MANILA, Philippines - Mindanao is now experiencing two to eight hours of daily brownouts due to the power curbing imposed by the National Grid Corporation of the Philippines (NGCP), the 33-strong member of the Association of Mindanao Rural Electric Cooperatives (Amreco) said.
Mostly affected are Central Mindanao, Zamboanga Peninsula, and other parts of Northern, Northeastern, and Southern Mindanao regions.
With this development, Amreco is complaining about the manner by which NGCP implemented the power curtailment.
"It is not simulating a power shortage in the Mindanao grid. Ang gusto lang sana naming malaman sa ngayon ay kung sino pa 'yung ibang naka-connect na direkta sa Napocor (National Power Corporation) upang malaman namin kung sila ba'y nabawasan din ng power supply at kung wala ay kailangan din silang i-curtail upang hindi kami masyado mabigatan sa rotating brownouts," said Amreco president Sergio C. Dagooc.
The Amreco official asked daily data on curtailment level.
"I am asking the list in relation to our complaints that there some customers who are believed avoiding the expensive plants and drawing fully from the hydro while the electric cooperatives (ECs) are blamed for none contracting Therma Marine, Inc.," said Dagooc.
Recently, Energy Secretary Rene Almendras told the ECs in Mindanao to contract with other private power companies to give relief to the ECs.
Some ECs like in Misamis provinces and its cities in Northern Mindanao, Agusan and Surigao provinces and its cities in Northeastern Mindanao have already contracted with the private power company.
To avert bigger power curtailment, some of these ECs bought 10 megawatts or more from the fossil plant stationed in Nasipit, Agusan del Norte, despite a higher price per kilowatt hour compared to state-owned NAPOCOR hydro-power, just to avail a continuing power supply.
Some ECs in Southern Mindanao like Compostela Valley, Davao Oriental, Davao del Norte, and Davao del Sur also contracted the same with the fossil plant in Maco, Compostela Valley, and they only suffer minimal power curtailment.
As this developed, the Department of Energy (DoE) is calling for cooperation among stakeholders of Mindanao power suppliers.
In a press release Monday, the agency stresses that there are available generation capacities in Mindanao that are not being utilized because it is not being contracted or dispatched as nominated.
Thus the DoE urges some electric cooperatives and distribution utilities to cooperate amidst the power situation in the region and strictly withdraw power according to their contract.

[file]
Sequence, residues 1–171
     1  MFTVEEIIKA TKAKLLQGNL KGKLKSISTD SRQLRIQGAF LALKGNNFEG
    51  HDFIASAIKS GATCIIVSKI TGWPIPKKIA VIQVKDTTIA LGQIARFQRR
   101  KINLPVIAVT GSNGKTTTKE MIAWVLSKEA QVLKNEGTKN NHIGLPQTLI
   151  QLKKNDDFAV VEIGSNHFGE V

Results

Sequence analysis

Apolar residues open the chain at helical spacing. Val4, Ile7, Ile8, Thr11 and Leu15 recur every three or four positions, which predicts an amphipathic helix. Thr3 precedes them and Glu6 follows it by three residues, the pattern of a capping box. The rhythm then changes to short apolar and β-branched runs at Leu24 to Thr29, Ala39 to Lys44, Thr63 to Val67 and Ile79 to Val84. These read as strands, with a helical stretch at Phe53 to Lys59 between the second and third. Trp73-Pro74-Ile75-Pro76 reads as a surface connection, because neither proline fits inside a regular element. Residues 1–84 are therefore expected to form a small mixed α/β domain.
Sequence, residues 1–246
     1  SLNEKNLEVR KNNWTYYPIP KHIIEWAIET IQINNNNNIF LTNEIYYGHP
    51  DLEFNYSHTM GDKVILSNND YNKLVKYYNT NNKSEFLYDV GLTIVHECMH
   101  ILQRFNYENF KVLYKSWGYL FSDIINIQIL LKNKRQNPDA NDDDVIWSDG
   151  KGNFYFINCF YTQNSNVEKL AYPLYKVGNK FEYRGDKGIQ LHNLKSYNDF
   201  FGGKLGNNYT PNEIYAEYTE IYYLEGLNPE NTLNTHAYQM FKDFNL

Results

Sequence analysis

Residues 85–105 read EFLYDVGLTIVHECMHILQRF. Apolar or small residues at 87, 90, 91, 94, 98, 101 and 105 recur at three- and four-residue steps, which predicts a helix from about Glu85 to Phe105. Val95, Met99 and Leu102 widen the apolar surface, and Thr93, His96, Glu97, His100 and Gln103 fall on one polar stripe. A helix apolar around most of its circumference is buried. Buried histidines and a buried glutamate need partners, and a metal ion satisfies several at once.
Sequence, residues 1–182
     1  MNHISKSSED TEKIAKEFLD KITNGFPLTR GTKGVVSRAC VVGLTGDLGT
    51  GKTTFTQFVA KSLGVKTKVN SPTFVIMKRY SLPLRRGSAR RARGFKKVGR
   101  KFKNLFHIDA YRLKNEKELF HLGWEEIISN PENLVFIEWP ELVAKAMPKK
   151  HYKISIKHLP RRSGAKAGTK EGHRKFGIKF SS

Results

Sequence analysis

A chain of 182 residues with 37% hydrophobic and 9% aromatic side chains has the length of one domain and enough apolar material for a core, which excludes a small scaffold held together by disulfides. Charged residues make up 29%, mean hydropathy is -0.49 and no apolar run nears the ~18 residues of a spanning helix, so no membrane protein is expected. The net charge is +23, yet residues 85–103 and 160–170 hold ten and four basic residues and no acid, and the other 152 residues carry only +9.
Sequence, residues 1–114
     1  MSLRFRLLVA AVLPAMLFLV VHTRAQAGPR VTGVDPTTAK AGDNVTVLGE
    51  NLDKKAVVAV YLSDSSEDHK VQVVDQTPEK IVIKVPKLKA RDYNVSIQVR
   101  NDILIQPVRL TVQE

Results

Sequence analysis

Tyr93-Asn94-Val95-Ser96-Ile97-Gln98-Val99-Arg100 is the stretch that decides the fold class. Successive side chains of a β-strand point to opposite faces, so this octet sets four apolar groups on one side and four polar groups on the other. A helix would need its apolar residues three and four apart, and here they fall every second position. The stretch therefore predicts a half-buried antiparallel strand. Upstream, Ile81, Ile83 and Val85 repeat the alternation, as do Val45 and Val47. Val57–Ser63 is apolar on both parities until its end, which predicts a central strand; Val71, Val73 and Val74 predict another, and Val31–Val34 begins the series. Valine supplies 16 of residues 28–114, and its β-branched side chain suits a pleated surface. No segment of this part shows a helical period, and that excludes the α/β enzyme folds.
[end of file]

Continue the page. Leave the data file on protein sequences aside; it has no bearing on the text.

With that, the DoE will be issuing a circular before the weekend that will rationalize the power supply system in Mindanao to give relief to the people in the region.
However, all these are just temporary measures that the DoE is looking at while committed and indicative capacities in Mindanao have yet to materialize.
In a related development, political leaders in Southern Philippines are bent on filing a class suit against culprits in what they lamented as "artificial" brownouts now engulfing entire Mindanao, eyeing the NGCP as main respondent.
Angelo Palmones, a broadcast journalist-turned party-list lawmaker from Kidapawan City, announced yesterday he was taking appropriate steps to lodge the class suit against the NGCP for imposing the current power curtailments in Mindanao allegedly out of "artificial" reasons.
He said the House of Representatives through its committees on energy and Mindanao affairs has started conducting an inquiry into the true reason behind the two-to-four rotational power outages, and the initial results contradicted the NGCP assertions.
"Even Secretary Luwalhati Antonino (chairperson of the Mindanao Development Authority who had attended the legislative inquiry's initial meetings) is not convinced of the NGCP reasons," Palmones said in an interview over dxND radio station in Kidapawan City.
Last week, the NGCP announced that the Mindanao grid lacked 178 megawatts (MWs), an increase of 40-MW from the 138-MW deficiency on February 22.
It attributed the increase in the power supply deficiency to the 38-MW drop in available capacity from 1,117-MW on February 22 to 1,079-MW last week.
NGCP officials earlier cited the alleged decline of water levels in Lake Lanao and Pulangi River, both water bodies installed with hydroelectric dams producing more than half of Mindanao's energy consumption. (With reports from Ellson A. Quismorio, Ben R. Rosario, and Madel R. Sabater)